Concrete Leveling And Concrete Lifting Benicia CA

If you’re looking for concrete leveling and concrete lifting services in Benicia CA don’t hit that back button because you’ve landed on the right page. At Bay Area Underpinning we’ve been offering concrete leveling and concrete lifting in Benicia CA for the past 15 years. We use polyurethane foam injection, a fast, minimally-invasive method for lifting and leveling concrete slabs.

Before you leave, scroll down and check out our customer reviews at the bottom of this page.

Sunken Concrete Is Both A Safety Hazard And A Liability

Uneven concrete is both an eyesore and a safety hazard. If someone gets injured on your property you could find yourself facing a lawsuit. If you have an uneven slab, contact us today and we’ll make it beautiful again!

We are able to level sunken or settled concrete slabs in Benicia, CA including, but not limited to…

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  • Free estimate does not include real estate transactions.
Concrete sidewalks and other types of walkways

Concrete sidewalks and other types of walkways

concrete driveway

Concrete driveways

concrete floor

Interior concrete floor slabs

Concrete pool decks

Concrete pool decks

Concrete patios

Concrete patios

Benefits Of Concrete Leveling And Concrete Lifting Via Polyurethane Foam Injection

The benefits of concrete leveling and concrete lifting – also known as slabjacking or polyurethane foam injection – are many, including:

  • You won’t need to redo it. Concrete slabs usually become uneven because the soil under them isn’t strong enough to support the weight. Two older methods of fixing concrete slabs – digging up the old slab and pouring a new one, and mudjacking – don’t solve this problem. If the problem is weak soil, a new slab will sink just like the old one did, and mudjacking adds even more weight to the soil. In contrast, polyurethane foam is ultra lightweight and able to lift the slab without adding more weight to the soil.

  • It’s a cost-effective solution. Polyurethane foam injection is less expensive than tearing up the uneven slab and pouring a new one.

  • Most repairs take only a few hours. Most slabs can be lifted and leveled in just a few hours, and immediately after the repair is complete, you can begin using the slab again.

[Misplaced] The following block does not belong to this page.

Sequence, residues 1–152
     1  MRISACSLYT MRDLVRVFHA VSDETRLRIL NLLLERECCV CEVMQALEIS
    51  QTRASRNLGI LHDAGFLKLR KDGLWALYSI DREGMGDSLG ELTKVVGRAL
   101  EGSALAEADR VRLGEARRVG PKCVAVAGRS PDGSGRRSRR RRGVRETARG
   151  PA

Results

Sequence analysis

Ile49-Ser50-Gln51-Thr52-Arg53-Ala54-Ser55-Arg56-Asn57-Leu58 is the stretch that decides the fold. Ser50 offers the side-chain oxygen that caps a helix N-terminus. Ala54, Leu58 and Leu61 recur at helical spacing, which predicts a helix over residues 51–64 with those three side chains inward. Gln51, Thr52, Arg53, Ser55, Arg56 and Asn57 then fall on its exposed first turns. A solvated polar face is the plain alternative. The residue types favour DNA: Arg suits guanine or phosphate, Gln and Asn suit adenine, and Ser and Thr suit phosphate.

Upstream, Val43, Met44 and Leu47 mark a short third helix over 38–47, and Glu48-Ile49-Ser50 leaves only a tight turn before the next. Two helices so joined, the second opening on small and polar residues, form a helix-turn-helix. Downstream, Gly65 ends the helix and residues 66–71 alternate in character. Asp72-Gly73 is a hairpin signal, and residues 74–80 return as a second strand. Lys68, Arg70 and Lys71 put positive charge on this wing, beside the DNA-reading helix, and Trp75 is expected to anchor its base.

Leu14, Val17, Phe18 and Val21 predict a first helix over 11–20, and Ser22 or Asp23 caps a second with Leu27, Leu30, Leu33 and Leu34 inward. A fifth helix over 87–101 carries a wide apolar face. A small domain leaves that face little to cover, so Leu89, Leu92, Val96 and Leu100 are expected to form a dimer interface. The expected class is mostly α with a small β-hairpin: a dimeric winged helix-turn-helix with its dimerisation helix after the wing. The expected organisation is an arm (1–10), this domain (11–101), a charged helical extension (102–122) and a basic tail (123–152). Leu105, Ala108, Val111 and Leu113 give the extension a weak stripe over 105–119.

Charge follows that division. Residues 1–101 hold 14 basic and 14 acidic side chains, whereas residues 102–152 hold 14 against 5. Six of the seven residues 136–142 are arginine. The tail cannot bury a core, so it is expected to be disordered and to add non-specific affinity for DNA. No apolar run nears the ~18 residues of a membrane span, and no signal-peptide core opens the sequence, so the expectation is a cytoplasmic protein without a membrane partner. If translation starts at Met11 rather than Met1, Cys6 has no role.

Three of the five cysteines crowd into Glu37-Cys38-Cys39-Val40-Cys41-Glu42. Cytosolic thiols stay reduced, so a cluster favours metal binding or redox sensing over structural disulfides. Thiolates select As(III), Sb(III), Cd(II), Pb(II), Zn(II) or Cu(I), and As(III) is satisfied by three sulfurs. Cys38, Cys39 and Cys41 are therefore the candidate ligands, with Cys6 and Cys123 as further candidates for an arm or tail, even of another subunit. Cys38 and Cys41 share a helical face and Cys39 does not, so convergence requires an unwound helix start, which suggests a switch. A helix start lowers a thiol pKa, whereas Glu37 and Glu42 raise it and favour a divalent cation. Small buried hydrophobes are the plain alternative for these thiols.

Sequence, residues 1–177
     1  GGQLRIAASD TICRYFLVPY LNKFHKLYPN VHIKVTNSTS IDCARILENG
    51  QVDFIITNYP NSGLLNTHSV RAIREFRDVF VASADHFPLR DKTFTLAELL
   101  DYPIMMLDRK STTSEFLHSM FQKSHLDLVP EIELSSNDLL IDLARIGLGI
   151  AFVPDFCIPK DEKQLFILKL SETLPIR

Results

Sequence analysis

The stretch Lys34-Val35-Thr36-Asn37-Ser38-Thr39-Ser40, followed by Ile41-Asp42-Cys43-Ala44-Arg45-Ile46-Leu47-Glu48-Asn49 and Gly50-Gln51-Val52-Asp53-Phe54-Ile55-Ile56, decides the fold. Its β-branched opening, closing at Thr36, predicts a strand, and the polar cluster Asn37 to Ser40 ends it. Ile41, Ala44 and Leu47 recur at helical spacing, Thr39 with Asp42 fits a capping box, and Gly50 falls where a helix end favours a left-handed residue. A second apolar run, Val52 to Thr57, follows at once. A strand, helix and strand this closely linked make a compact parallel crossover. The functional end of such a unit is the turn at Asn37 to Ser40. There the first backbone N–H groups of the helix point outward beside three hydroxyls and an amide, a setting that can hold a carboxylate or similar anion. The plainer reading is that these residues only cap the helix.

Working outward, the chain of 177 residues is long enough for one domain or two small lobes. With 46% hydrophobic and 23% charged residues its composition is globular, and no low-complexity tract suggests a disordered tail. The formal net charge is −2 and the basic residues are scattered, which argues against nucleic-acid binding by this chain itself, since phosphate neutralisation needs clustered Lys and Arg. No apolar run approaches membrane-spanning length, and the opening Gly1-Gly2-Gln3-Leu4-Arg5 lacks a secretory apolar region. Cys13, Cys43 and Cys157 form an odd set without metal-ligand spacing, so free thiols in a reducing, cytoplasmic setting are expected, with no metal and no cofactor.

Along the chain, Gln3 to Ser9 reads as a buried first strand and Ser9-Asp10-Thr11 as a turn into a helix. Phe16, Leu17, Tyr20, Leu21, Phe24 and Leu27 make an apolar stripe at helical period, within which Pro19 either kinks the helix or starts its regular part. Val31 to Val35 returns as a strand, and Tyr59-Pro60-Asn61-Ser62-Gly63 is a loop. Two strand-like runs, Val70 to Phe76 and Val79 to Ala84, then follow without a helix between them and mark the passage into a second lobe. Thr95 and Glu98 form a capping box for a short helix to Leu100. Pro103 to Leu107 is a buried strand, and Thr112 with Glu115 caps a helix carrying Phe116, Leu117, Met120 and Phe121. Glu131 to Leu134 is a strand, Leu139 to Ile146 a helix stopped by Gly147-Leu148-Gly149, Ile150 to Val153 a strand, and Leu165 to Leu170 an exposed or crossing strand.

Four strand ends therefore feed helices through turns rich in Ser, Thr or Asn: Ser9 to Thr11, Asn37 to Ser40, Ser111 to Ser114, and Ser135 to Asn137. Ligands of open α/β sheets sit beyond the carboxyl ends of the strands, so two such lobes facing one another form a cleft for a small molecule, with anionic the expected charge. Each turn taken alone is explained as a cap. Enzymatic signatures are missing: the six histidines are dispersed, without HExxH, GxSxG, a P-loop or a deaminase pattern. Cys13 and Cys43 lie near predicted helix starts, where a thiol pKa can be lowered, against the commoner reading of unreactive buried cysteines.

• It’s lightweight. Polyurethane foam wont burden the soil with additional weight the way mudjacking does.

  • It’s an environmentally-friendly “green” solution. Don’t worry. Polyurethane foam won’t release any harmful chemicals into the soil under the slab.

  • Level concrete just looks good! Sunken, uneven concrete is an eyesore.

What Causes Concrete Slabs To Sink Or Become Uneven?

Concrete slabs sink and become uneven for a variety of reasons including…

Too much water under the slab. Drainage problems can create a situation where there’s too much water under the slab. This can wash away the soil and leave behind voids.

The soil is unable to support the slab. Not all types of soil are alike. Some are not strong enough to support a heavy concrete slab.

Problems with expansive soil. Expansive soils are those that expand when they soak up moisture, and shrink when they dry out. Over time this seasonal swelling-shrinking cycle can cause uneven slabs.

Invasive tree roots. Can you picture how this happens? You’ve probably seen it many times in your life. Tree roots push against a slab and cause areas of it to become uneven.

cracked concrete slab

What Are The Different Ways To Lift And Level A Concrete Slab?

The two ”old school” methods of fixing a sunken, unlevel slab were tearing up and replacing the slab, or mudjacking. Both had drawbacks though. Tearing up a slab and pouring a new one was a time-consuming job because freshly-poured concrete needs time to dry and harden. Mudjacking, on the other hand, uses a heavy cement slurry to lift the concrete which can cause the slab to sink even more. Today, polyurethane foam injection is the method of choice for lifting a sunken concrete slab.

Before concrete slab lifting

Mudjacking

The mudjacking method of lifting a slab involves drilling small holes in the concrete and then using them to inject a cement-based slurry und